THE QUILT GOES TO MOTOWN by Mark Freeman, originally published in COMING UP! August, 1988. Part 1 of 4
“I can’t bear to be losing you, ‘cause I’ve loved you my whole life through. Somebody shake me, wake me, when it’s over.”
“Now if you feel that you can’t go on, because all of your hope is gone, and your life is filled with much confusion until happiness is just an illusion, and your world around is crumbling down, Darling reach out. Reach out to me.” Holland, Dozier & Holland, for The Four Tops
“Hitsville USA, shrine to Motown music: the mothiest scumbag place I ever played. But the audience there, bless their hearts, made me feel at home.” Michelle Shocked, a musician
Into The Motor City
Downtown Detroit has survived some hard times. It is still in them, so promises to be a place that lives up to a bad rep, but also has a strong heart.
By putting Detroit on its tour, The Names Project included a city whose gay agencies began to address the AIDS crisis about five years ago, and whose Black mayor has been somewhat quiet on the issue, (to keep closet doors from banging, say a few). With an 86% Black population, inner city Detroit’s people with AIDS are most likely to be people of color, intravenous drug users (IVDUs), or female partners and their children—the “second wave” of AIDS. It also has its share of familes and friends of those who left there to live (and die) in the more tolerant cities of both Coasts.
Early on the Fourth of July, as I leave the airport in San Francisco, a six-wheeler heads out from New York, transporting the Quilt ahead to the 16th city of its tour, out of a total of 20, before it returns to Washington DC in October.
This truck carries a nomadic cathedral, a living memorial, one that comes for a few days, then goes. It is more like an Ark of the Covenant than any marble monument; in kinship with the Vietnam Veterans’ Memorial, though, it is also simply made of names. Unlike any official effort, the Quilt is crafted piece by piece by friends and folks.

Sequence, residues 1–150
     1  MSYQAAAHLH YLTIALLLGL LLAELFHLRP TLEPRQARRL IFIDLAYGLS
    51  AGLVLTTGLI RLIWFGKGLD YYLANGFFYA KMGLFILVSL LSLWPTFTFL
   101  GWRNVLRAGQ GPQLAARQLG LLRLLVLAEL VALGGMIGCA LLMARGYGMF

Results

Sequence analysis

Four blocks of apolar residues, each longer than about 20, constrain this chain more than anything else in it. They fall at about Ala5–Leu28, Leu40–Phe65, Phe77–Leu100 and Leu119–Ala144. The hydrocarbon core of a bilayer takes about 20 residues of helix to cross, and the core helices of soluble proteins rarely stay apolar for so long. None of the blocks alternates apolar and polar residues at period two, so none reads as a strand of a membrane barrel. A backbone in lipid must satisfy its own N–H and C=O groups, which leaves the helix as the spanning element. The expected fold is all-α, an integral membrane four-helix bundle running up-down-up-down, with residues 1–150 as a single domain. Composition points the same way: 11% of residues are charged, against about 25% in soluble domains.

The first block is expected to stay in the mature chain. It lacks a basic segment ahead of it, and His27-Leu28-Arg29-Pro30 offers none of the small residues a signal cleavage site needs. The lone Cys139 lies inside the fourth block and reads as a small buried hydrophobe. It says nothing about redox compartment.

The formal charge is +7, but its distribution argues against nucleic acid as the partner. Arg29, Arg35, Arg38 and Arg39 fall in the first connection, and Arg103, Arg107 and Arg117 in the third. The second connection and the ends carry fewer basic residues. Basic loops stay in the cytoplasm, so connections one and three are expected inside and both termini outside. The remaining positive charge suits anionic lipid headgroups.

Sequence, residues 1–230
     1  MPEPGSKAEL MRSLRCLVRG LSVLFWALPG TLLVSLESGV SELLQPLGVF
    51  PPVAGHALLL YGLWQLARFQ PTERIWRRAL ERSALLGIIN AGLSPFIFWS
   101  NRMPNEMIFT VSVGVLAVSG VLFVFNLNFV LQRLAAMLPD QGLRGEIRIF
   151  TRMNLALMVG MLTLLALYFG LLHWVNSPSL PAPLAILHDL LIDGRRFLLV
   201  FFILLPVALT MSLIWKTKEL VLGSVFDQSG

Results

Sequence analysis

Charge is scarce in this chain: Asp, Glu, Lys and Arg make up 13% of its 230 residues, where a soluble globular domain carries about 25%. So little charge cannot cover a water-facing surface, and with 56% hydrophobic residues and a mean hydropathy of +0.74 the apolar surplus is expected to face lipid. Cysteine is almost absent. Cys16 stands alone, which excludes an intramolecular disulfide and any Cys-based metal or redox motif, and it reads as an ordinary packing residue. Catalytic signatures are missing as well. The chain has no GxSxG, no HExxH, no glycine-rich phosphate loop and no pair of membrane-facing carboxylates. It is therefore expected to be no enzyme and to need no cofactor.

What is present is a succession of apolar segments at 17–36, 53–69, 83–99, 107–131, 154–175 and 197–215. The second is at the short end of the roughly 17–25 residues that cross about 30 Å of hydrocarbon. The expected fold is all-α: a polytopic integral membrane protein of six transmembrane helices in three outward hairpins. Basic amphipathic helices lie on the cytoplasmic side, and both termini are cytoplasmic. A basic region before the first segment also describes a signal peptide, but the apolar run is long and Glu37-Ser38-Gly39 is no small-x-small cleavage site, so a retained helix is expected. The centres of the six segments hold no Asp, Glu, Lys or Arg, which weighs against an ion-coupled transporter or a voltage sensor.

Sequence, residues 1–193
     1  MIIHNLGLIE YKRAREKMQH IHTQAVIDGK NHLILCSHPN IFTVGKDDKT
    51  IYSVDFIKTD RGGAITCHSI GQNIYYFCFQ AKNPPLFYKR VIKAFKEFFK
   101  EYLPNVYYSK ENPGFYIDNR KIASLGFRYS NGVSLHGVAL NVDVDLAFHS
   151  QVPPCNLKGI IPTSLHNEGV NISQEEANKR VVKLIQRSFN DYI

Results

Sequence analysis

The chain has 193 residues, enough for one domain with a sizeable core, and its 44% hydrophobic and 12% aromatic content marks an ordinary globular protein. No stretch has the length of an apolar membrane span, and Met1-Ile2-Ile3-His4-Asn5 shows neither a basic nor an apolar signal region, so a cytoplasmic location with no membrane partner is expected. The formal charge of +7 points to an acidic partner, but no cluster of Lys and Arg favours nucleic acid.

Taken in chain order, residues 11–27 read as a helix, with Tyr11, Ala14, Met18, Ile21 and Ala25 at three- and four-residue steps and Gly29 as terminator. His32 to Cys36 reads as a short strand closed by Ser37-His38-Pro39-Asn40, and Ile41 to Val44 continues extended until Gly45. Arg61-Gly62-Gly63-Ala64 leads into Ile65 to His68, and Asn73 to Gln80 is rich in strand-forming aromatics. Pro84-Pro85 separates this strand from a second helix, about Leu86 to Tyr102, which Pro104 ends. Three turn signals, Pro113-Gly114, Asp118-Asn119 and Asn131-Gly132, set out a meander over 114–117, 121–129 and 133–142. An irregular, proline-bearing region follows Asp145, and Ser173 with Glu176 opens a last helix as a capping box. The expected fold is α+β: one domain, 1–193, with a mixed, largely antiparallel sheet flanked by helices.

This diary of a week spent with the Quilt in Detroit is a patchwork about names and naming, about rituals of birth and life, of death and memory. But to protect from reprisals and discrimination, even toward surviving family members, real names are not used here. PWAs [People Living With AIDS] chose their own pseudonyms—perhaps the name of a childhood hero or of a remembered friend.
These pieces of stories offered at least one San Franciscan a momentary chance to get away, for a week, from my own city’s fish-eye view of the epidemic, and to see how another place is doing. Here is what i find.
There’s a pulsing heat rising over Woodward Avenue, Detroit’s north-south artery. Trees still show green on this lick of land off Lake St. Clair, between the Great Lakes of Huron and Erie, but down on the ground the grass everywhere is burnt by a drought that has all of the Midwest by the short hairs. Above the freeways, the giant green computer signs read: “Let It Rain! Let It Rain! Let It Rain!”
It’s summer in the city and everywhere there are teenagers in jams of all colors, or cool matching outfits. An amazing sound system on some kid’s scooter shakes a whole block of Six-Mile with hip hop; some are unison dancing on the street, others are sounding off, walking in single file and finger-popping like crazy mixed-up Marines in heat. How can anyone here be thinking about a health crisis?
Up the Street from Cobo Hall
Cobo Hall, the Quilt’s local home, sits at the foot of Woodward, on the waterfront right next to Joe Louis Arena (which proudly displays two bronze statues of the Brown Bomber, one simply of his forearm-and-fist. The day before the Quilt opens, volunteers are being taught the choreography of “unfolding,” though they are for the most part yet unaware of what the whole event will look, or feel, like.